“I really still feel that for me, Cory Booker’s the right person to be the president," said Bryce Smith, the Dallas County Democratic Party chairman who had endorsed Booker and was organizing for him in his precinct. “I think it sends a clear message that Cory was important in this race.”
Such tactics reflect the unique and complicated nature of the caucuses. In a primary, voters simply choose their preferred candidate. Caucuses require strangers and neighbors to spend a winter evening in high school gyms or community centers. Participants first line up for their favored candidate. If that candidate doesn't receive more than 15% of the vote in the room, the candidate is eliminated and supporters can align with one of the remaining White House hopefuls.
The results are counted again. Delegates are awarded based on that final number. The caucuses have an added twist this year because the Iowa Democratic Party will release more data than ever. While the party previously only released information on delegates, it will now report the first round of voting, the second vote “realignment" and the final delegate count.
The Associated Press will base its race call of the winner on state delegate equivalents because delegates are the measure used to decide the eventual winner of the nomination. But the new information is causing some voters to take their first round choices more seriously because those decisions will now be public.
Ruby Bodeker said she and her 17-year-old daughter both plan to caucus for Harris during the first round. “This is her first caucus,” Bodeker said of her daughter. “She was devastated when Kamala Harris dropped out. As a member of the LBGTQ+ community she feels there is no one left who speaks to her.”
Caucusgoers can theoretically support whomever they like on the first round, so any of the other candidates who have dropped out could receive votes as well. Some voters said they'll caucus for a former candidate to eat into whatever advantage Vermont Sen. Bernie Sanders hopes to build during the initial round of voting. Sanders, a self-described democratic socialist, and his team have said they want to win each category of voting, but have placed special emphasis on the first round.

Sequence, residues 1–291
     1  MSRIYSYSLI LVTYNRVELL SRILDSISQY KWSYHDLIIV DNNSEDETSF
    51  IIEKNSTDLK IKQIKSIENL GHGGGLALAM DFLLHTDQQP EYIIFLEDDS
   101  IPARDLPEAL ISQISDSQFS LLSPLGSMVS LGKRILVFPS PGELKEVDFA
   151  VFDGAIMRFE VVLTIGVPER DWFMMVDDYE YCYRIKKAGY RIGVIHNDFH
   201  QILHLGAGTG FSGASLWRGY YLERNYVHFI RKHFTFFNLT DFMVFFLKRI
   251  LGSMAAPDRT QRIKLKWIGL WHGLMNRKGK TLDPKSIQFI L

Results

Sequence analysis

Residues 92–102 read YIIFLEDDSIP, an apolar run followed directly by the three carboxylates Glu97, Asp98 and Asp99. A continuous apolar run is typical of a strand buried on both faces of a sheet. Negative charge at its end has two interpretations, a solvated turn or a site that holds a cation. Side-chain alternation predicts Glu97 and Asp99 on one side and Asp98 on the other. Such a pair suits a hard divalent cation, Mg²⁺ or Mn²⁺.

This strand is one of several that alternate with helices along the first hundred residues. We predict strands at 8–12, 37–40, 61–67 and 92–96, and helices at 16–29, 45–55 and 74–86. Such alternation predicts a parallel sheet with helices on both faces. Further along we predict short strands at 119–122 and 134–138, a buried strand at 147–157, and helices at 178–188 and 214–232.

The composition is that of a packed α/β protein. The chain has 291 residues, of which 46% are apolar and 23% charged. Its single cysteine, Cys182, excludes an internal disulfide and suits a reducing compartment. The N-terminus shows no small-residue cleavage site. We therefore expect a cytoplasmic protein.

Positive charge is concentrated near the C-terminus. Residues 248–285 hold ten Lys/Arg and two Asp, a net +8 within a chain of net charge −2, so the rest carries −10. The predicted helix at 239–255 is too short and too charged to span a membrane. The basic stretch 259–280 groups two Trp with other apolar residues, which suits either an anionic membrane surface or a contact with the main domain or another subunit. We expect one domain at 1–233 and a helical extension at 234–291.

Helen Grunewald, a 69-year-old retired community college teacher who will serve as her precinct caucus chairwoman in Blairstown, said after Harris quit the race, she couldn’t find any other candidates that she cared about. The only candidate who drew her passion was Sanders, who she opposes.
“Since I didn’t feel strongly about any of the candidates, and the only one I feel strongly about is the one I don’t want to get it, figured the thing to do is to stick with Kamala,” she said. Grunewald doesn’t expect Harris to win the 15% support she’d need to be viable on the first alignment, so she plans to support whichever candidate looks the strongest against Sanders on the second alignment.
Smith, the county chairman, also expressed concerns about Sanders’ strength in the race, as did Gary Dickey, a Des Moines-area lawyer and former aide to former Iowa Gov. Tom Vilsack, who endorsed Booker. Dickey tweeted he plans to caucus for Booker on the first alignment and said he’s heard from numerous people in response that are considering doing the same thing.
He and his wife like former South Bend, Indiana, mayor Pete Buttigieg, Massachusetts Sen. Elizabeth Warren and former Vice President Joe Biden and said they will support whichever one is stronger against Sanders on the second alignment.
“We are both very concerned that if Bernie Sanders were to win Iowa and New Hampshire and get some momentum, we don’t think that's good for the party, and we don’t think it’d be good for Democrats in a general election,” he said. “I worry that an admitted democratic socialist creates headwinds that would make the general election unnecessarily difficult.”